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With the general elections upon us, we’ve had a chance to look through some of the responses to our survey on the upcoming elections. With the period of austerity continuing to be of concern, now is a good time to assess the criminal justice challenges any new government is going to face.

The UK’s criminal justice system has witnessed a multitude of changes in recent years. The entrance of the Conservative-Liberal Democrat Coalition government certainly saw a series of impactful cuts and one of the most pronounced periods of austerity in recent years. 

Developing markets central to the operation and delivery of criminal justice services was the main focus in England and Wales; albeit at different speeds. A broad range of local and central commissioning models have been deployed since 2010. Some had already been piloted, whilst others were entirely new. 

The aim was to introduce price-competitive tendering and payment-by-results in prisons and probation; and local Police and Crime Commissioners responsible for budget decisions and procurement of public services. 

Regardless as to which party or parties dominate the elections on Thursday, the main influencing factor on criminal justice from May 2015 will continue to be financial resource. 

Across the UK, spending on public order and safety (largely criminal justice) grew by 17% under Labour, whereas in the four years to 2014 it fell by 12%. According to the Institute of Fiscal Studies 2015 Green Budget, Home Office and Ministry of Justice budgets will have fallen by 19% and 29% respectively during 2010-2015. The Institute also predicts that the next government could face even further cuts potentially upwards of 40%. With all parties vying for government committed to ongoing measure to reduce public sector spending, I expect the Institute’s predictions will be right. 

The market in probation, although a late developer in the coalition’s time in office, is perhaps one where a market approach has been applied most systematically; a point made by the Centre for Crime and Justice Studies research entitled ‘The Coalition Years’.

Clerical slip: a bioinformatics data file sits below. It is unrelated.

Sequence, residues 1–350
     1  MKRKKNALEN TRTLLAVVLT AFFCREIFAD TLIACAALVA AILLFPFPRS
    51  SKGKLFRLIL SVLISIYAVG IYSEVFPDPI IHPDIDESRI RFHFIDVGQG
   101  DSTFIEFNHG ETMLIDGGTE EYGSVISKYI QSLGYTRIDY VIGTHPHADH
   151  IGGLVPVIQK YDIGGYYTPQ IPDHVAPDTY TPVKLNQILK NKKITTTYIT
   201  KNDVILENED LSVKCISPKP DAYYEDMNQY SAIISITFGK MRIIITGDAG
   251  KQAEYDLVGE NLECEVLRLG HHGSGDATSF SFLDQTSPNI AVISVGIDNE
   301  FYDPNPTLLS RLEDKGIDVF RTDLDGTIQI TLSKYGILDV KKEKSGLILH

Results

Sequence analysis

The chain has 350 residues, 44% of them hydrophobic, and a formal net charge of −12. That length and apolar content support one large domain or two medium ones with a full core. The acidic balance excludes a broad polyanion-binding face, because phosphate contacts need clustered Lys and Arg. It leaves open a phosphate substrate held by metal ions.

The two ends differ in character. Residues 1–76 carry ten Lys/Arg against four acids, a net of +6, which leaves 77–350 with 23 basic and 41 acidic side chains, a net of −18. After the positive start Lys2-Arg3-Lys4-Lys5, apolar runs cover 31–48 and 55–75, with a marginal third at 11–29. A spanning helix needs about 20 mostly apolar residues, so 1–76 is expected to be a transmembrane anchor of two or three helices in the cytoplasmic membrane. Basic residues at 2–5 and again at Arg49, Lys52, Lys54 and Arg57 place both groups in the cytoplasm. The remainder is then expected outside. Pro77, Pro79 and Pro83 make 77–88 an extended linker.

It’s difficult to say at this time, but with the enormity of the practical challenges involved in integrating service delivery through parallel probation systems, a post-election review of the current set-up is likely. 

What is also very interesting is the benchmarking of public sector prison costs against the lowest costs in the private prison sector. This has the potential to create new market opportunities under the next government. What we are likely to see is the move of ancillary services such as building and estate management into private hands, with the rest remaining in the public sector; a prison version of the probation arrangement if you like.

Of course, we need to keep in mind that markets of this nature are heavily influenced by party politics. Ultimately, whatever markets are created broadly reflect the priorities that the governing party or parties have identified. 

It is too difficult to call in terms of what each party or coalition government will focus on from a criminal justice point of view. The economy, immigration and the NHS have all featured heavily in the election campaign so far. I am not surprised to hear reports from the BBC that ‘crime’ only features 7th on the list of top priorities for voters. This, I am sure, is largely due to the fact that crime levels are the lowest they have been for 30 years. 

Labour has ‘committed’, a term I use carefully, to saving £800m across police forces in the UK, which they say will effectively save 10,000 frontline police posts from being cut. The party’s commitment to saving the police from further drastic cuts is clearly outlined in its Crime Manifesto, but there was little mention of how continued austerity will affect the rest of the criminal justice system. There’s been very little in the way of firm plans from the other parties too. 

What is clear though is that with another parliament of austerity on the cards, the criminal justice system will continue to see significant change. Whether the cuts will run as deep as what the Institute of Fiscal Studies predicts though, is yet to be seen. 

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